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Re: [Qemu-block] semantics of FIEMAP without FIEMAP_FLAG_SYNC (was Re: [

From: Pádraig Brady
Subject: Re: [Qemu-block] semantics of FIEMAP without FIEMAP_FLAG_SYNC (was Re: [Qemu-devel] [PATCH v5 13/14] nbd: Implement NBD_CMD_WRITE_ZEROES on server)
Date: Thu, 21 Jul 2016 14:01:28 +0100
User-agent: Mozilla/5.0 (X11; Linux x86_64; rv:38.0) Gecko/20100101 Thunderbird/38.3.0

On 21/07/16 13:41, Dave Chinner wrote:
> On Wed, Jul 20, 2016 at 09:40:06AM -0400, Paolo Bonzini wrote:
>>>> 1) is it expected that SEEK_HOLE skips unwritten extents?
>>> There are multiple answers to this, all of which are correct depending
>>> on current context and state:
>>> 1. No - some filesystems will report clean unwritten extents as holes.
>>> 2. Yes - some filesystems will report clean unwritten extents as data.
>>> 3.  Maybe - if there is written data in memory over the unwritten
>>> extent on disk (i.e. hasn't been flushed to disk, it will be
>>> considered a data region with non-zero data. (FIEMAP will still
>>> report is as unwritten)
>> in this case (not FIEMAP_EXTENT_UNWRITTEN).
> No. FIEMAP only returns the known extent state at the given file
> offset.  "delalloc" extents exist in memory, indicating the space
> has already been accounted for over that offset, but the extent has
> not been physically allocated. Like all other types of extents,
> there may or may not be valid data over a delayed allocation extent. 
> IOWs, fiemap only gives you a snapshot of extent state, not the
> ranges of valid data in the file.
>>>> If not, would
>>>> it be acceptable to introduce Linux-specific SEEK_ZERO/SEEK_NONZERO, which
>>>> would be similar to what SEEK_HOLE/SEEK_DATA do now?
>>> To solve what problem? You haven't explained what problem you are
>>> trying to solve yet.
>>>> 2) for FIEMAP do we really need FIEMAP_FLAG_SYNC?  And if not, for what
>>>> filesystems and kernel releases is it really not needed?
>>> I can't answer this question, either, because I don't know what
>>> you want the fiemap information for.
>> The answer is the same no matter if we use both lseek and FIEMAP, so
>> I'll answer just once.  We want to do two things:
>> 1) avoid copying zero data, to keep the copy process efficient.  For this,
>> SEEK_HOLE/SEEK_DATA are enough.
>> 2) copy file contents while preserving the allocation state of the file's 
>> extents.
> Which is /very difficult/ to do safely and reliably.
> We do actually do reliable, safe, exact hole and preallocation
> layout duplication with xfs_fsr, but that uses kernel provided
> cookies (from XFS_IOC_BULKSTAT) to detect that data in the source
> file has not changed while it was being copied before executing the
> final defrag operation in the kernel (XFS_IOC_SWAPEXT) that makes
> the new copy of the data user visible.
> i.e. the use of fiemap to duplicate the exact layout of a file
> from userspace is only posisble if you can /guarantee/ the source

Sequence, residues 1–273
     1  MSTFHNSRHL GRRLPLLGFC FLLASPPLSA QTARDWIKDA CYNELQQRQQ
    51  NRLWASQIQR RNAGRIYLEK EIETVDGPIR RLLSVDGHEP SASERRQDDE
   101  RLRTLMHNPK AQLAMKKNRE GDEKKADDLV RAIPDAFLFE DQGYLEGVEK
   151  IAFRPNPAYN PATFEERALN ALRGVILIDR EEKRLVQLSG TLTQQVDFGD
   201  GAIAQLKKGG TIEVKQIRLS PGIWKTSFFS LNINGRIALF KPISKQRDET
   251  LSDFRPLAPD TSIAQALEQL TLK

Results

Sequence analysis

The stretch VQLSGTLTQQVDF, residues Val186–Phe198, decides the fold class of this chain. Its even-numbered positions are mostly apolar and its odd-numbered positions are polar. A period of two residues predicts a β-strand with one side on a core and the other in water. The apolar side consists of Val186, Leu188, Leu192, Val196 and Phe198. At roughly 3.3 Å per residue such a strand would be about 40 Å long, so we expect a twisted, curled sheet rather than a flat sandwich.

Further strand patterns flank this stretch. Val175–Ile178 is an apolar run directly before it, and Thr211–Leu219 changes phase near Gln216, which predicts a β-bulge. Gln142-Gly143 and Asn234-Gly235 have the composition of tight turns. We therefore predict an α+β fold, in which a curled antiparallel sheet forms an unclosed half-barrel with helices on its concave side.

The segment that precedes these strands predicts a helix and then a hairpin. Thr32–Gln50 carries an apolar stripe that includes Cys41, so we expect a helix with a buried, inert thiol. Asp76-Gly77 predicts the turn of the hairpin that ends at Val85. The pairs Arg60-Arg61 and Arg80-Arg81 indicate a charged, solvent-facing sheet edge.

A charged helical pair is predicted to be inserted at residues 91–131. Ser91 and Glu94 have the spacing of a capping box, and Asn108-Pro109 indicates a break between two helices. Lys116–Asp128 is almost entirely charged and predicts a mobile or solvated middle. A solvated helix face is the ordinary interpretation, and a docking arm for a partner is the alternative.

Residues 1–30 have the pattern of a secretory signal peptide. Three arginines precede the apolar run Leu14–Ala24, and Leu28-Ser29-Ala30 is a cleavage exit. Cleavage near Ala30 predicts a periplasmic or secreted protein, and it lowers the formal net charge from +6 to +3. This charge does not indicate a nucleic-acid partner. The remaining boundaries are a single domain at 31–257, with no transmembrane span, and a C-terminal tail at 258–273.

> file has not changed in any way during the copy operation at the
> pointin time you finalise the destination data copy.
>> There can be various reasons why the user has preallocated the file (because 
>> they
>> don't want an ENOSPC to happen while the VM runs; on some filesystems, to
>> minimize cases where io_submit is very un-asynchronous; or just because 
>> someone
>> had a reason to do a BLKZEROOUT ioctl on the virtual disk).  We want to 
>> preserve
>> these while converting or otherwise moving the file around.
> Sure, there's many reasons for using prealloc/punch/zero. The real
> difference to other file operations is that they interface with low
> level filesystem structure, not the data contained within the
> extents. That's what makes them problematic for duplication -
> userspace cannot serialise against low level filesystem structure
> modifications.
> Optimising file copies safely is one of the reasons the
> copy_file_range() syscall has been introduced (in 4.5). While we
> haven't implemented anything special in XFS yet, it will internally
> use splice to do a zero-copy data transfer from source to
> destination file. Optimising for exact layout copies is precisely
> the sort of thing this syscall is intended for.
> It's also intended to enable applications to take advantage of
> hardware acceleration of data copying (e.g. server side copies to
> avoid round trips as has been implemented for NFS, or storage array
> offload of data copying) when such support is provided by the kernel.
> IOWs, I think you should be looking to optimise file copies by using
> copy_file_range() and getting filesystems to do exactly what you
> need. Using FIEMAP, fallocate and moving data through userspace
> won't ever be reliable without special filesystem help (that only
> exists for XFS right now), nor will it enable the application to
> transparently use smart storage protocols and hardware when it is
> present on user systems....

Yes higher level calls are useful here and we'll consider using them in cp etc.
When I previously looked at this I noticed some implementations would
fall back to do_splice_direct() which is essentially sendfile()
and that expands holes which wouldn't be a good default.
So there may be soem need for control flags for copy_file_range()
to have it generally useful.

thanks for the info,

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